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|metadata.artigo.dc.title:||Adsorption of protein on activated carbon used in the filtration of mucilage derived from Pereskia aculeata Miller|
|metadata.artigo.dc.creator:||Silva, Karen Cristina Guedes|
Amaral, Tatiana Nunes
Junqueira, Luciana Affonso
Leite, Natália de Oliveira
Resende, Jaime Vilela de
Coluna de leito fixo
|metadata.artigo.dc.identifier.citation:||SILVA, K. C. G. et al. Adsorption of protein on activated carbon used in the filtration of mucilage derived from Pereskia aculeata Miller. South African Journal of Chemical Engineering, [S. l.], v. 23, p. 42-49, June 2017.|
|metadata.artigo.dc.description.abstract:||Mucilage is derived from Pereskia aculeata Miller via precursors obtained by an extraction process. However, this process produces dark liquor whose coloring is not desirable in the final food additives. Therefore, a fixed-bed filtration system with activated carbon was used for pigment elimination and clarification of the final product. Color parameters and protein contents were evaluated by comparing the extract and the filtrate. At the same time, an experimental study was conducted that monitored changes in pH and in the adsorption kinetics of proteins on the activated carbon using reactor tanks at various temperatures and residence times. When using a filtration column, the results showed an increase in parameters L*, b* and Hue angle, thereby indicating that the filtrate was closer to the yellow color when compared with the liquor feed. The results obtained using reactor tanks showed that the protein contents and the pH were dependent on the contact time of the substrate with the activated carbon and on the temperature. The experimental time necessary to reach equilibrium was of 15.15 h for treatments at 30 °C, 19.70 h at 45 °C, and 26.06 h at 60 °C. In these equilibrium conditions, the experimental adsorbed quantities of protein (qe) were 223.03 mg/g, 232.02 mg/g and 332.02 mg/g respectively. The pH value increased linearly as a function of temperature and residence time in the reactor. Reaction-based kinetic models were expressed by the pseudo-first order, pseudo-second order, Weber–Morris and Elovich models. Specifically, sorption kinetics follows the pseudo-second order mechanism for protein adsorption. Scanning electron microscopy analyses proved that the non-diffusive is the sorption mechanism of protein on activated carbon surface.|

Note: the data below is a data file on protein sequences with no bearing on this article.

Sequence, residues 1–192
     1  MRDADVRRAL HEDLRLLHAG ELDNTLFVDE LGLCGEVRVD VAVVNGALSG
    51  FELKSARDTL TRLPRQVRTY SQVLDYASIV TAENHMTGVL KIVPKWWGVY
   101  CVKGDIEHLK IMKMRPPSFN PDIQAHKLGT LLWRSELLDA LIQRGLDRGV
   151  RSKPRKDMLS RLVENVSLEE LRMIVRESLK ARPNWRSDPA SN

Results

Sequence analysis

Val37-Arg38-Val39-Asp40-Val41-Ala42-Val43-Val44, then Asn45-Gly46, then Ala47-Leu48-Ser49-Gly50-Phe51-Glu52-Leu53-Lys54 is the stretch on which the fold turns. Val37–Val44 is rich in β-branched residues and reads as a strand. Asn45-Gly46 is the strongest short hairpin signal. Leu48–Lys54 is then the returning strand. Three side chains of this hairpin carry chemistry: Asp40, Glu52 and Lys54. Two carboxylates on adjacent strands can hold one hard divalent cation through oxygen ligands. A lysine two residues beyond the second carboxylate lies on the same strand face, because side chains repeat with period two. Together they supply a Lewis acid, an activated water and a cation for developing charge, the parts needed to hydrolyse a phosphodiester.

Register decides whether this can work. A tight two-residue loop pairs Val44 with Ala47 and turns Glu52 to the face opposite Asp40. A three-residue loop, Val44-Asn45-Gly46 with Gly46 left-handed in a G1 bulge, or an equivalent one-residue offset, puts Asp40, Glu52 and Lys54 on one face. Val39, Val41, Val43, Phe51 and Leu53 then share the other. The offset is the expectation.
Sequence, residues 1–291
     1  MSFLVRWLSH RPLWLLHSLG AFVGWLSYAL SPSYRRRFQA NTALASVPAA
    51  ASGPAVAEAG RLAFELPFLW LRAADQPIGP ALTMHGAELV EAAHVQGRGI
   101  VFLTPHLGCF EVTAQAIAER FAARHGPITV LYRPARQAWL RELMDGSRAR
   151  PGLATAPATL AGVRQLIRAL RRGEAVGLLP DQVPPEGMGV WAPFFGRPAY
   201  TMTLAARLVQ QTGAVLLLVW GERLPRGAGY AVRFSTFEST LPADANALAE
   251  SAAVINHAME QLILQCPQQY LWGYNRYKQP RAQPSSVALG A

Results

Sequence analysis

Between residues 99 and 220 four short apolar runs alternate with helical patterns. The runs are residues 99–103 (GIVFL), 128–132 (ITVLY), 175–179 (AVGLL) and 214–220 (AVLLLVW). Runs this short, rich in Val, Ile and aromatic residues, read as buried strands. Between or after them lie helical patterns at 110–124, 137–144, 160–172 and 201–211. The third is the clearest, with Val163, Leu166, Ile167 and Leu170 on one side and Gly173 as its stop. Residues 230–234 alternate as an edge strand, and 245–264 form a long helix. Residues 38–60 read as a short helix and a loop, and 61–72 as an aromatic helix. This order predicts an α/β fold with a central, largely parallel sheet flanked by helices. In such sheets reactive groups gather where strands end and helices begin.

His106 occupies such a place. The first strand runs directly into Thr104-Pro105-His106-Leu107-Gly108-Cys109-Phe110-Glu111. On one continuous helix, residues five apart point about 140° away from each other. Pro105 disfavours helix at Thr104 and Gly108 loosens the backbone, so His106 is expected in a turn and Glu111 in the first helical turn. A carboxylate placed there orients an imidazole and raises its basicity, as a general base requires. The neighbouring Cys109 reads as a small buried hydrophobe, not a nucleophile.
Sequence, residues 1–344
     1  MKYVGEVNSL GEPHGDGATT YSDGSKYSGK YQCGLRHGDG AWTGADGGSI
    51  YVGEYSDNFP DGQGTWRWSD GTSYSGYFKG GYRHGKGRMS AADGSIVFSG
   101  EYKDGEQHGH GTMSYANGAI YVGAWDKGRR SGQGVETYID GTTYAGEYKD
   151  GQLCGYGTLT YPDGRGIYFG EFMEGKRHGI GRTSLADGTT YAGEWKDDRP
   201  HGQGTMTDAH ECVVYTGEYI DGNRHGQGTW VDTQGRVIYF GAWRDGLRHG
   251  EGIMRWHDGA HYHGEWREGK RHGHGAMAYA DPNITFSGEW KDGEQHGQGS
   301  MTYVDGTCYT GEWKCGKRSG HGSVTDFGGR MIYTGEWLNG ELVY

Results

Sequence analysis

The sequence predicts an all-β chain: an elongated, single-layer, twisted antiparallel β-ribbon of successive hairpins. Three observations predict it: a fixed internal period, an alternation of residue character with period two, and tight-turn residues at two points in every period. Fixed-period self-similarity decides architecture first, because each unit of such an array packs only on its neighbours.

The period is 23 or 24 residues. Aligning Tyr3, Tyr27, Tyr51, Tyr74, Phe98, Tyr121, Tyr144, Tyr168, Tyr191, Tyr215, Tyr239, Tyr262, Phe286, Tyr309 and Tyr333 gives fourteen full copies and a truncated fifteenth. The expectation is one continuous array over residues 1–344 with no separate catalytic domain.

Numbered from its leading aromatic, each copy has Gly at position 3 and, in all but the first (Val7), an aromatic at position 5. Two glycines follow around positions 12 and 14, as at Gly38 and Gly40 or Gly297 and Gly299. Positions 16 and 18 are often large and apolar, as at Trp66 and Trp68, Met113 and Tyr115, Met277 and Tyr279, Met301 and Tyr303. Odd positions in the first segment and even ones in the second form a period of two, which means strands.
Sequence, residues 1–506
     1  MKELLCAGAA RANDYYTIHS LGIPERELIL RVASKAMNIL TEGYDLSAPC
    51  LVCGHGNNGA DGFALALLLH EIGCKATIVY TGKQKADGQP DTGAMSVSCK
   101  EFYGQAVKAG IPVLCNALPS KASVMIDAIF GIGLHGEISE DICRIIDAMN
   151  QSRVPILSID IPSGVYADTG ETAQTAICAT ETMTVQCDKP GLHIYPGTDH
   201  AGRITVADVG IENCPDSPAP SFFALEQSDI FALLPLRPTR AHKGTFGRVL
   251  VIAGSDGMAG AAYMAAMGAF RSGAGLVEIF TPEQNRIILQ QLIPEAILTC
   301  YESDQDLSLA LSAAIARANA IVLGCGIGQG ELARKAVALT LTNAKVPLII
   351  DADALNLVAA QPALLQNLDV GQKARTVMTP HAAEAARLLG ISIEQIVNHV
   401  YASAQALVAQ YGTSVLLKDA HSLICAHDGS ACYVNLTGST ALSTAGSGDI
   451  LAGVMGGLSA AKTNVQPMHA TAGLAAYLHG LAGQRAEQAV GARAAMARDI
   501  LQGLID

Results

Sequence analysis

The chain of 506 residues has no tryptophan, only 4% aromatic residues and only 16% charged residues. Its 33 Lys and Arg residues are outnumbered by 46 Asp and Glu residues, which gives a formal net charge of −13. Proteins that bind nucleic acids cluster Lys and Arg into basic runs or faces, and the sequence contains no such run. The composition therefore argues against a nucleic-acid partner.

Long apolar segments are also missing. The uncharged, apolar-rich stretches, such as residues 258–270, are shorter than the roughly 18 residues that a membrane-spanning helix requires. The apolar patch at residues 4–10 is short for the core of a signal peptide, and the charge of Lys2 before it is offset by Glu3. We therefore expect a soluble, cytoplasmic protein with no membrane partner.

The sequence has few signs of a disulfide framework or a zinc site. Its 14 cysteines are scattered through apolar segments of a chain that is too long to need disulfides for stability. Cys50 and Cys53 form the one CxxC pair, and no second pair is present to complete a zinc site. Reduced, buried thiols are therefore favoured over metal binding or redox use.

|Appears in Collections:||DCA - Artigos publicados em periódicos|
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